A report by the Public and Affordable Housing Research Corporation (PAHRC), The Education Boost: Lifting Families Out of Poverty, finds that every additional year of education for rent-assisted householders increases their chance of successfully leaving rental assistance by 11%. The barriers they face in obtaining this education are the cost of college, childcare needs, transportation expenses, lack of internet access, and fewer peers who can help guide them through the college application and enrollment process.
The study found that rent-assisted adults have lower educational attainment, on average, than their unassisted low income peers. Among 18 to 29 year olds, the high school and college completion rates are nine and twelve percentage points lower for rent-assisted householders than their unassisted counterparts. Among 30 to 39 year olds, the college completion rate for rent-assisted householders is ten percentage points lower than for unassisted householders, but the high school completion rate is six percentage points higher for rent-assisted householders. These numbers indicate that GED programs are needed for younger rent-assistance recipients, while support for college enrollment is also important.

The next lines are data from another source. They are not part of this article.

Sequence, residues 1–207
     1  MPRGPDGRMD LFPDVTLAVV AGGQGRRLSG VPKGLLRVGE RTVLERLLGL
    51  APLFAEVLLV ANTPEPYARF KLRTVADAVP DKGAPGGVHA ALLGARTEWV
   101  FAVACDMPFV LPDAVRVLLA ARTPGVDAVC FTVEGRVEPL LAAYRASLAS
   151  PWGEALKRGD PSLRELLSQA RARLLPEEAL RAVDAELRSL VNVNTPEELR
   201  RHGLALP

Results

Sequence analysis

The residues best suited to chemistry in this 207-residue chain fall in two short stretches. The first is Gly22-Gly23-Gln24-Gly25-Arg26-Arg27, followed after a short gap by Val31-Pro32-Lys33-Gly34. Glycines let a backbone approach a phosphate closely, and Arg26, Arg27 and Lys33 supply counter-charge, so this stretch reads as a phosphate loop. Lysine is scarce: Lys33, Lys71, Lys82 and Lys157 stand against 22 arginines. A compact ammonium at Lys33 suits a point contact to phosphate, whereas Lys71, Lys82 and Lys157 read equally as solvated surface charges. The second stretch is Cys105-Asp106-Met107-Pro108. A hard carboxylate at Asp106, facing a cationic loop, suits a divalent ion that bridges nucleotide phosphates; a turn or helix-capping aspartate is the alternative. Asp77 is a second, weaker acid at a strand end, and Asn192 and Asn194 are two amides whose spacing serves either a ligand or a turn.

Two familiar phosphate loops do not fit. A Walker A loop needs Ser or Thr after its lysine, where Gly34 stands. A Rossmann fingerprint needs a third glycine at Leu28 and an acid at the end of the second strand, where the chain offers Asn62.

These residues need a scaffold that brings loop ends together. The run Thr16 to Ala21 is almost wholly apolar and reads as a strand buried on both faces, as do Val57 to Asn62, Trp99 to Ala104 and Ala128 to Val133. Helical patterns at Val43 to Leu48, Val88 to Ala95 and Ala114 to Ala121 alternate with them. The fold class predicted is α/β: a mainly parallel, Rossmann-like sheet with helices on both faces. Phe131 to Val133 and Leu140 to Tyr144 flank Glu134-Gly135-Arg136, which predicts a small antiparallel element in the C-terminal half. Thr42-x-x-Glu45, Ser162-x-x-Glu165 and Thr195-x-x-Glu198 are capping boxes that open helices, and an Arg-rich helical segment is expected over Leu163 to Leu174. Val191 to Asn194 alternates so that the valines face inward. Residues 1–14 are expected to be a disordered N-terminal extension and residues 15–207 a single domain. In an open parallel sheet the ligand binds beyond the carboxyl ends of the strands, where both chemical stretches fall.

The report recommends strategies to help rent-assisted households enroll in educational programs, such as childcare support, assistance with transportation costs, internet access, mentoring and tutoring support, and college preparatory courses.
The Education Boost: Lifting Families Out of Poverty is available at: http://bit.ly/29Cma8I